There's no agricultural land bubble yet, but rising interest rates and falling commodity prices are increasing the potential for one, says a new analysis from Rabobank's Food & Agribusiness Research and Advisory group.
The report, "Land Values 2014: At the Tipping Point," finds that up to this point, land values have responded to fundamental drivers, which are changing quickly.
"Land values have followed fundamental economic drivers up, but there exists the possibility that land values many not follow these fundamental drivers down," says report author and Rabobank FAR Vice President, Sterling Liddell.
Agricultural land in the U.S. has experienced a 12-year run in steep annual value increases. Over that time, the major fundamental drivers were high commodity prices, low interest rates, and limited sales relative to demand.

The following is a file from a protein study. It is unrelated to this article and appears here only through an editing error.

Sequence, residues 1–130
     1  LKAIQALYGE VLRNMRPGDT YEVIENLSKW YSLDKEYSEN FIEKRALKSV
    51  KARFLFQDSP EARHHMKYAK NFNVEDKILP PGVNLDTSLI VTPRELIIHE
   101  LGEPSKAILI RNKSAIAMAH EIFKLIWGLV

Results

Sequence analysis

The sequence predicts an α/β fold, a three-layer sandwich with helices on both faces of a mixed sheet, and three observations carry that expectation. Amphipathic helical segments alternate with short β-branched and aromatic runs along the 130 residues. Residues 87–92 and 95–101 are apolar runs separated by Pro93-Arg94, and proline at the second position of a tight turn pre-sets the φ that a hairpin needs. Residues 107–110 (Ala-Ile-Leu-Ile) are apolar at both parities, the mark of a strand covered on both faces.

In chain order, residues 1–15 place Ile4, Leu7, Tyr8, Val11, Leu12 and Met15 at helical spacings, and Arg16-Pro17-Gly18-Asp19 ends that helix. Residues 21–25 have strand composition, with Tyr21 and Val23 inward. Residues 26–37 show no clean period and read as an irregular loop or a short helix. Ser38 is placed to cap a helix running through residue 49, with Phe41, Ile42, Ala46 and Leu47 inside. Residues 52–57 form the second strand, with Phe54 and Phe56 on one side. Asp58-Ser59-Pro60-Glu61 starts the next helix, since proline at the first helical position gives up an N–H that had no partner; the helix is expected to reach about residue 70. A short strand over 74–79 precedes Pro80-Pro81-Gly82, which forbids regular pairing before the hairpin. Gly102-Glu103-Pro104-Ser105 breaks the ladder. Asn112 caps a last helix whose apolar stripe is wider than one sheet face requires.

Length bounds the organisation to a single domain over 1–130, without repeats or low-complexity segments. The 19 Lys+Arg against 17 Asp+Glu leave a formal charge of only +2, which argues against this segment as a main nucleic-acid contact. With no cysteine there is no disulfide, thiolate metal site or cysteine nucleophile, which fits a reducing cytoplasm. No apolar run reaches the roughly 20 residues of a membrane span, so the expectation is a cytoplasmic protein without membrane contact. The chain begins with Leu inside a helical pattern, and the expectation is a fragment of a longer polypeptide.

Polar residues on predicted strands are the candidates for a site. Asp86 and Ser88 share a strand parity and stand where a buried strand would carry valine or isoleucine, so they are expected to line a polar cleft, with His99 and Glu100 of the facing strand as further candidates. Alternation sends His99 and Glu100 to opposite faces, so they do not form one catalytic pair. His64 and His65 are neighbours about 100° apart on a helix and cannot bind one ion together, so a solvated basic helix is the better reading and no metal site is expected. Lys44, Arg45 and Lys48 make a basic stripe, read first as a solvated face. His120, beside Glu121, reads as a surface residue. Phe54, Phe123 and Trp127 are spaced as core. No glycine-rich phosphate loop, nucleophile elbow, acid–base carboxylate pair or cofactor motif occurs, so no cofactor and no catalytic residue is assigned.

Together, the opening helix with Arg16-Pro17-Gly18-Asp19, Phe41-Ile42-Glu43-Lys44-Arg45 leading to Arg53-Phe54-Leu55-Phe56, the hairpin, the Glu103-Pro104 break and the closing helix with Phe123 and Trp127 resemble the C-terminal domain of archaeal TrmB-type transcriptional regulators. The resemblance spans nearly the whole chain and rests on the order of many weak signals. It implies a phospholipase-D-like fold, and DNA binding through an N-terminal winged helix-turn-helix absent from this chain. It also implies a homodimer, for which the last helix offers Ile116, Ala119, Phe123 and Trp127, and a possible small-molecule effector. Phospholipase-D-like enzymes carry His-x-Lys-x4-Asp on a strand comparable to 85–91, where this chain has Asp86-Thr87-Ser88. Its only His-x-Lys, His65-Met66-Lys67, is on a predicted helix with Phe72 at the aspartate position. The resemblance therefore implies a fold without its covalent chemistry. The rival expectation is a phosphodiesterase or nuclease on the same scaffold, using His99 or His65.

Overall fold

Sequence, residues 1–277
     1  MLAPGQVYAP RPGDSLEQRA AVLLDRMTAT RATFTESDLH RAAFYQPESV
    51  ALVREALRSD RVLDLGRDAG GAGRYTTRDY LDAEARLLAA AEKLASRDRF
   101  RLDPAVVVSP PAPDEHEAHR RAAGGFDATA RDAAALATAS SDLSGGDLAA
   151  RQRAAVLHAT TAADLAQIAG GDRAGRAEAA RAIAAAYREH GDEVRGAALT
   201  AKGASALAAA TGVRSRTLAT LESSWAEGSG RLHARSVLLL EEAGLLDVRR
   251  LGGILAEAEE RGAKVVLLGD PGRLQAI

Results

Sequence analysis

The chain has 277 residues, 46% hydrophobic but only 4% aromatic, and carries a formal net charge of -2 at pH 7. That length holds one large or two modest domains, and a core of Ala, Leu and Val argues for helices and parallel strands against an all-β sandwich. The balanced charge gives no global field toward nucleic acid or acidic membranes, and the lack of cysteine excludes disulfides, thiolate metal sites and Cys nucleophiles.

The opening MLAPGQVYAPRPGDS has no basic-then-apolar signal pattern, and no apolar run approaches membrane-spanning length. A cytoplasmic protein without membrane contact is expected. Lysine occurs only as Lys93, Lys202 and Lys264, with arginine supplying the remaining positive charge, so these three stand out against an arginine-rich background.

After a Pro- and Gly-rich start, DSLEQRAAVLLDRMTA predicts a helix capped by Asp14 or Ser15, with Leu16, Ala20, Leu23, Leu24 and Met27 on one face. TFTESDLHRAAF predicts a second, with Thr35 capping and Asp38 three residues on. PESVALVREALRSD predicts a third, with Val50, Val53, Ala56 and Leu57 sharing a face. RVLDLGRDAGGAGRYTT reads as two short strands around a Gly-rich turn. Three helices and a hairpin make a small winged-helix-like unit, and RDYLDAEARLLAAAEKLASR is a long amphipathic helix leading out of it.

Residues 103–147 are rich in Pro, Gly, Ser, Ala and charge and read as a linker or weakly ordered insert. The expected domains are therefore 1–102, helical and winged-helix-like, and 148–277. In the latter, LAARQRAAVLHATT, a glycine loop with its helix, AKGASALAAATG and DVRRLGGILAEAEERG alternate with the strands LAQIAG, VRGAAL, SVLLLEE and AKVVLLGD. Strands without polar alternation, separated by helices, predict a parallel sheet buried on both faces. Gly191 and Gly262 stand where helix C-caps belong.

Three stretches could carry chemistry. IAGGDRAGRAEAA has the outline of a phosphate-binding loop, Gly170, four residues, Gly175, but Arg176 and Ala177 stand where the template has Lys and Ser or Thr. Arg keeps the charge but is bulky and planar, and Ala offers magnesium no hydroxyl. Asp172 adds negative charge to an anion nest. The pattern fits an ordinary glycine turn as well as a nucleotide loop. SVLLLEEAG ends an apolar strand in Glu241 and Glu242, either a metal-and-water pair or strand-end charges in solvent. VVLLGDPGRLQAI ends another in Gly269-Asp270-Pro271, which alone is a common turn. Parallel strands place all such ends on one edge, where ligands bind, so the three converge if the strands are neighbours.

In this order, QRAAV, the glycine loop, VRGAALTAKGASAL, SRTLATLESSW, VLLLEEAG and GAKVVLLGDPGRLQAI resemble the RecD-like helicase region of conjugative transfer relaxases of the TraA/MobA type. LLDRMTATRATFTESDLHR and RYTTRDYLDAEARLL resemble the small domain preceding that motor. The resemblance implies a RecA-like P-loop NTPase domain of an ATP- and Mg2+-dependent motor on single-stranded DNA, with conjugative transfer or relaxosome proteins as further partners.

Now, key indicators are signaling that the long-term growth pattern needs to change or risk the development of an asset bubble by extending the value/cost of land beyond its economic capacity to generate returns.
"It is our view that land values in the U.S. do not currently represent an asset bubble and are responding to fundamental drivers. However, commodity prices are dropping, interest rates are creeping up and are poised to go higher, and demand has softened noticeably," says Liddell.
"An adjustment is needed beginning in 2014-15 to avoid the future development of an asset bubble."
Liddell advises careful management of land value "as both an asset and a cost."